Jax's father's ghost haunts him throughout the series.  His father who started the MC and was its president died mysteriously when Jax was a kid.  His father left behind a manifesto which detailed how the MC lost its way and how it can be changed.  Jax made that his mission.  But, for all of Jax's good intentions, for all of his cleverness and street-smarts, things blow up in his face.  More friends are killed.  His connection to his kids becomes more tenuous.  His mother's interests start to conflict with his to the point that she even goes so far as to kill Jax's wife in a fit of rage over a misconception.  In fact, misconceptions pervade the characters in this show. They think "x" when "y" has actually occurred.  And because they think "x" they act out on it immediately without thinking.  Jax's mother tells him that a rival gang killed Tara which spurs him to set into action a number of events that only leads to a lot more killing, a lot of new alliances, more killing, patching up damages, more killing and round and round we go.

All throughout this process of bodies being stacked up, we, the audience, are told by other characters about how Jax is a good person.  This is a man guilty of numerous murders, numerous felonies, unfaithfulness and being an absentee father.  He claims he does everything for his family, but hardly ever does he ever stop to think.  His clever solutions often find him digging a bigger hole for himself which trigger more "brilliant" solutions and bigger holes.  It never seems to end.  But, we are still told he's good and/or decent.  This decent man is responsible for killing his own mother.

It seems that modern TV has little to no use for the traditional hero who does right for the sake of doing right with little to no reward.  There are no longer any shows like The Rifleman or Buck Rogers where the hero of the story did good for good's sake.  Now, granted even in older shows like The Lone Ranger and Zorro, the hero was checkered a little bit since he operated outside the law.  But today's TV and even movie heroes, we are treated to more anti-heroes.  We want them to win, but at the same time our moral compass is praying for them to get caught and get what they deserve.  We see the same Jax "anti-hero" in other shows like Breaking Bad, White Collar, Suits, Bosch, Hell on Wheels, House of Cards, etc.   In movies, even the modern incarnation of Batman becomes less the traditional hero and more of an anarchist.  Yet, they are still referred to as good.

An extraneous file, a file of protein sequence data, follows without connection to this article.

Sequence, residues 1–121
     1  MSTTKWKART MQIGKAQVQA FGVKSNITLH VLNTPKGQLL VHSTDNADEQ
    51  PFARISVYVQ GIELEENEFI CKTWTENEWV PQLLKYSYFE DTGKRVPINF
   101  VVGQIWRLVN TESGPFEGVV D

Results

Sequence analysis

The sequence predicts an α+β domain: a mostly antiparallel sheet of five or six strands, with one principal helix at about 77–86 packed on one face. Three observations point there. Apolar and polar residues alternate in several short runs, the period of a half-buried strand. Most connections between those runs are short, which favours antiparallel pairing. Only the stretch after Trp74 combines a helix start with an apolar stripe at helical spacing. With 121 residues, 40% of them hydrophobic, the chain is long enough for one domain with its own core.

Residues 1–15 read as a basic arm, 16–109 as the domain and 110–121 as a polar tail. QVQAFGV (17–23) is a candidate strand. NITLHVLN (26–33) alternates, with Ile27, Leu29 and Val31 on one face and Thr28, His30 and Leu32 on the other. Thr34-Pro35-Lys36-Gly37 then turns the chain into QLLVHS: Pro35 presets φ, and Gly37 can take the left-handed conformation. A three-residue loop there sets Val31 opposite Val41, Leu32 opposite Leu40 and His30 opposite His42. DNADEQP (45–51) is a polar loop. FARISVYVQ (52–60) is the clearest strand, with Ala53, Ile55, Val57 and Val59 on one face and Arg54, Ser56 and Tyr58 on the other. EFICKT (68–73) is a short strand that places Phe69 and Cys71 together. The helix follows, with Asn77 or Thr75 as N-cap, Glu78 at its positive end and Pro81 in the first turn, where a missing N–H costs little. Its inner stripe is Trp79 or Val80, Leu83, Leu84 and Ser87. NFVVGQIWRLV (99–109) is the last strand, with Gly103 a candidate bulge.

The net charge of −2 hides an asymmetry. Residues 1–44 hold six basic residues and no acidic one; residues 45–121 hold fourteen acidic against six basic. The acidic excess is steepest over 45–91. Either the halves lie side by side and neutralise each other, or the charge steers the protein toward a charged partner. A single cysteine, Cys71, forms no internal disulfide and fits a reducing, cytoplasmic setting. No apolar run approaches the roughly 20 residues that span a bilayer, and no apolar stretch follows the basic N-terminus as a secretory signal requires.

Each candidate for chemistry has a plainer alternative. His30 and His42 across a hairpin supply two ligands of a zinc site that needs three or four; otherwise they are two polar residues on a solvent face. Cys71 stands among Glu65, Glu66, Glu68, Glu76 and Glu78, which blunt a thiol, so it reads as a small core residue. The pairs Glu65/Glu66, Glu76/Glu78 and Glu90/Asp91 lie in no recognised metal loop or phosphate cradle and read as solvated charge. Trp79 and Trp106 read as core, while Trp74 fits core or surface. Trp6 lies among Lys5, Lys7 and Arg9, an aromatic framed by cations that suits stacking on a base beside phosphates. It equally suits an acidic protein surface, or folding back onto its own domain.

How far we have come as a society where the descriptor "good" is applied more to intentions than to reality.  It is true that Jax wants to do well for his family and make sure they are safe and taken care of.  But the extent he goes to ensure that results in death and destruction for everyone, especially him.  Without doubt, everyone wants to think of himself as good.  But even Jesus balked when someone called Him good saying that no one is good save God alone.  Facts are we are not good.  Intending to be is not the same as being.  Still, we like to confuse the two or say that they are one and the same.

I cannot explain the explosion of anti-heroes in modern television and cinema.  Maybe it has something to do with Americans wanting to cheer for the underdog, even if the underdog is a hardened criminal. But even if we do cheer for the criminal underdog, why does that presuppose wanting to imagine him or make him into some good person in his own right?  Is good an absolute or a relative term?  I think if we are really honest with ourselves, we know the answer to that question.  When and where the individual reigns supreme, the overreaching definition of a word or concept goes with it.